By Alan Prendergast
By Michael Roberts
By Michael Roberts
By Amber Taufen
By Patricia Calhoun
By William Breathes
By Michael Roberts
By Melanie Asmar
Colorado now has five murderers marking time on death row. Several hundred other violent criminals are serving life sentences without the possibility of parole, and more than one member of that group has suggested that execution might be a more merciful fate than decades of isolation behind bars.
But out of the state's 17,150 inmates, only one has gone to court to demand his own execution -- or, as he puts it, his "right to euthanasia." That would be Timothy Stoakes, a 33-year-old convict with a history of theft, forgery and other nonviolent crimes.
"I did not ask to be born," Stoakes wrote in an affidavit filed in Fremont County District Court, in support of his unusual petition. "I've never particularly enjoyed life.... There comes a point at which further prolongation of life simply does not make up for the taxpayers' burden of continued incarceration, especially if the quality of life prolonged is diminished by suffering and incapacity."
Currently serving a six-year sentence for vehicular eluding, Stoakes is eligible for parole in the fall of 2003. He insists he's not suicidal, deranged or simply goofing with the system. No, he says, he's serious about having the state administer death by lethal injection at the earliest possible opportunity. Dead serious.
"I just believe that at some point, society and the state have to take responsibility for the creature they've made," says Stoakes, speaking by phone from the Centennial Correctional Facility, outside Cañon City. "If the courts and the DOC [Colorado Department of Corrections] want to say there's no hope for me, then say that, and let's do what we need to do."
The adopted son of a prominent Boulder businessman, Stoakes has spent most of his adult life in prison. His sentences for a series of thefts have been compounded by parole violations and disciplinary problems inside the DOC. His latest conviction, he says, began with conflicts with his parole officer two years ago. He refused to report to the parole office, and when police officers attempted to pull him over for questioning, he "panicked and did an OJ," resulting in a low-speed chase through the streets of Denver.
Stoakes says he isn't offering excuses for his behavior. He had "chances after chances" to turn his life around, and his parents were often supportive of his reform efforts before he became estranged from them. "I think they were really hurt this last time," he sighs. (Stoakes's father did not respond to a request for comment about his son's petition.) In court filings, Stoakes describes himself as a habitual criminal, a "non-rehabilitative personality" and a "sociopath with an anti-social personality disorder."
"For whatever reason, I can't seem to get myself out of the system," he says. "I'm tired of going through the process when it doesn't resolve anything. I honestly don't know if I could function in society. I couldn't do it when I had a family, so I don't know how I can do it now."
Prison has done little to help him in his battle to go straight, Stoakes says. In fact, the bulk of his court pleadings are devoted to blasting the DOC for a lack of educational and rehabilitative programs, arguing that incarceration amounts to a "degenerative" environment and a waste of public resources, so that death is a preferable alternative.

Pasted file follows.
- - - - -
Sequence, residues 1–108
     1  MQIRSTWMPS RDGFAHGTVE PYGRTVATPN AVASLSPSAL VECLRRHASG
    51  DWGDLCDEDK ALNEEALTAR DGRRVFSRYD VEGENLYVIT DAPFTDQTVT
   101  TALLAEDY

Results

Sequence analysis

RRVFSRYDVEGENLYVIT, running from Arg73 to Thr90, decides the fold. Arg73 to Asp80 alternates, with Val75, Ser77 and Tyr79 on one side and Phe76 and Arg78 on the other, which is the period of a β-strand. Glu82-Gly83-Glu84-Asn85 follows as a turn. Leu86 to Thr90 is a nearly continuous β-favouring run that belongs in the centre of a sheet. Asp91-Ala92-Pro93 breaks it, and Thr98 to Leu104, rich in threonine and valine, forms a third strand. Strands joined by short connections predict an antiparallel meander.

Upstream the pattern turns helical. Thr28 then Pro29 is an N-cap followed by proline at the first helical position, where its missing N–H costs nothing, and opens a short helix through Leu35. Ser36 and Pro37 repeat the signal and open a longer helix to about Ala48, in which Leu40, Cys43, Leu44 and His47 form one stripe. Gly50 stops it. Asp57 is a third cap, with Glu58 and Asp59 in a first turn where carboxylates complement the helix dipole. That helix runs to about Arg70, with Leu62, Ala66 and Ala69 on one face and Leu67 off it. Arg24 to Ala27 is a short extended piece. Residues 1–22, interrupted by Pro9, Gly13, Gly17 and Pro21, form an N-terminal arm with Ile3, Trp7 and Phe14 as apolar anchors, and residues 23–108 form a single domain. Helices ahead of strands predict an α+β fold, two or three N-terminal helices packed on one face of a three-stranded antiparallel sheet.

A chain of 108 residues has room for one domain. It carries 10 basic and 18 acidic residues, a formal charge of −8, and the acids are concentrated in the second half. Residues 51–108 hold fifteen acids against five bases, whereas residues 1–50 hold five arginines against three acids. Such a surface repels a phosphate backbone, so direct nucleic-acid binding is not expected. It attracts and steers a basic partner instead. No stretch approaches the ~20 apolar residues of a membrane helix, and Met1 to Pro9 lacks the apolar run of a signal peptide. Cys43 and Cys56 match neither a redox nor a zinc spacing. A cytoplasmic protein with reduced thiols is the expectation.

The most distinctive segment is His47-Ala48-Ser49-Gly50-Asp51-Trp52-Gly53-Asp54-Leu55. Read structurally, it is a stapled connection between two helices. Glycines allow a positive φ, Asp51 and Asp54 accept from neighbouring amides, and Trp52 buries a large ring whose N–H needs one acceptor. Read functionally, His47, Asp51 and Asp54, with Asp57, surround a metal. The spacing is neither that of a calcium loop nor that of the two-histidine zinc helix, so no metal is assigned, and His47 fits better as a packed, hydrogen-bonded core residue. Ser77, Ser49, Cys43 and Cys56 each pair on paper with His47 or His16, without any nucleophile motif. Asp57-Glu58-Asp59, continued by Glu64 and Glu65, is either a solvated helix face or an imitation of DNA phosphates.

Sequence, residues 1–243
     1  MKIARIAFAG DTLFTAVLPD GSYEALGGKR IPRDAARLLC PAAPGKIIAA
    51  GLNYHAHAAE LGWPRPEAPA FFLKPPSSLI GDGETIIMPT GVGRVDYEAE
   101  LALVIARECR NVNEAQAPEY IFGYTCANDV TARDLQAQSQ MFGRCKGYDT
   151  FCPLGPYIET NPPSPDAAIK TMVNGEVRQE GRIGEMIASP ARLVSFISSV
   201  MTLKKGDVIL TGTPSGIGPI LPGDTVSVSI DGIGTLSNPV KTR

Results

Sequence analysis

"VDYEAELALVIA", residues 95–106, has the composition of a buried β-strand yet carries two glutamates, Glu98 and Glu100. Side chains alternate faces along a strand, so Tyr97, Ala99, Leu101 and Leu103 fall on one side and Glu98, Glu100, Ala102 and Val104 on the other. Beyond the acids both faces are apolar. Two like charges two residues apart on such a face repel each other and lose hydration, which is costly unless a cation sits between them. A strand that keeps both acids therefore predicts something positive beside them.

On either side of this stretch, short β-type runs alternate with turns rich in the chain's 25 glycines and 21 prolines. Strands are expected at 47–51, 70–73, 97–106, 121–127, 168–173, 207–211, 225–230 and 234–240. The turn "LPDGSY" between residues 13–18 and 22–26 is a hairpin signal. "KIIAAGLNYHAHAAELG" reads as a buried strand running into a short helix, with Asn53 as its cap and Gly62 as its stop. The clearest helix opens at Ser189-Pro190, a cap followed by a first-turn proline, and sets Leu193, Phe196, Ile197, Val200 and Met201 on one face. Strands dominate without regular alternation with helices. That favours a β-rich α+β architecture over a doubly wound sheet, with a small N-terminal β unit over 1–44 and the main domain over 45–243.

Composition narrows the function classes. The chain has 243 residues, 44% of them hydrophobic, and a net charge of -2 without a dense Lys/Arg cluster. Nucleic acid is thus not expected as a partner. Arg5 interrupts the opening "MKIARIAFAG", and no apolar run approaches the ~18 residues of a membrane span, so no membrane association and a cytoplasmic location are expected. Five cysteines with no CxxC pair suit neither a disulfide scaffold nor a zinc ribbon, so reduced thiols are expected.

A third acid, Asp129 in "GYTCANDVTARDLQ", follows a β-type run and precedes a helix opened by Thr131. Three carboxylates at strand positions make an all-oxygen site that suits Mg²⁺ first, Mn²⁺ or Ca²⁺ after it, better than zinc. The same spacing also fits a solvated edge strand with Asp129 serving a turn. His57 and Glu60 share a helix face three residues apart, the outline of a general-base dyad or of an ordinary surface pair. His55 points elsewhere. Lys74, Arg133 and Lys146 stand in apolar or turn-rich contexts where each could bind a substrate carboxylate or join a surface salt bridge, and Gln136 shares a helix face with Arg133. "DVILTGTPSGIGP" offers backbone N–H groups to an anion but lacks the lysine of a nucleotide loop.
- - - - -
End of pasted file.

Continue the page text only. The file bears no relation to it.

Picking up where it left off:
Although his mandatory release date is only five years away, "I know when I get out with these convictions, I could come back at any time," Stoakes says. "I don't know if I could handle that. I certainly don't want to spend the next ten or twenty years in and out of prison, and I don't want to progress to worse things. I've never done anything violent, and I don't want to become that kind of statistic."
DOC spokeswoman Heidi Hayes concedes that inmate programs are "somewhat limited" at Centennial, which is operated as a "close" (between medium- and maximum-security) facility. Still, she says, the prison does offer job opportunities, medical care, counseling and classes for inmates seeking to get a GED. Prisoners are also "allowed to pursue post-secondary education through the mail," Hayes adds, "but [they] would have to pay for it."
Yet Stoakes's concerns about the revolving-door aspect of prison life today are hardly unfounded. One of every five males in the current Colorado prison population has come back on a parole violation. Roughly half of the 5,500 inmates released last year will be back behind bars within three years.
Stoakes acknowledges that the chances of his petition being granted are practically nonexistent. His filings have bounced from judge to judge, and there doesn't seem to be much legal precedent for a prisoner to seek out a harsher sentence than the one the trial court imposed. Besides, the state has had a hard enough time carrying out the death sentence in the few instances in which it has been imposed: The 1997 execution of Gary Davis represents the state's only exercise of the ultimate penalty in the past 35 years.
But if, by some miracle, a kindly state employee offered Stoakes the needle tomorrow, "I absolutely would follow through," he says. "I am serious. If I filed a lawsuit complaining about conditions of confinement, no one would care. But if I say, 'Look, because conditions are the way they are, maybe [execution] is the best thing' -- if that's what it takes to get people to look at the situation, that's what I'm willing to do."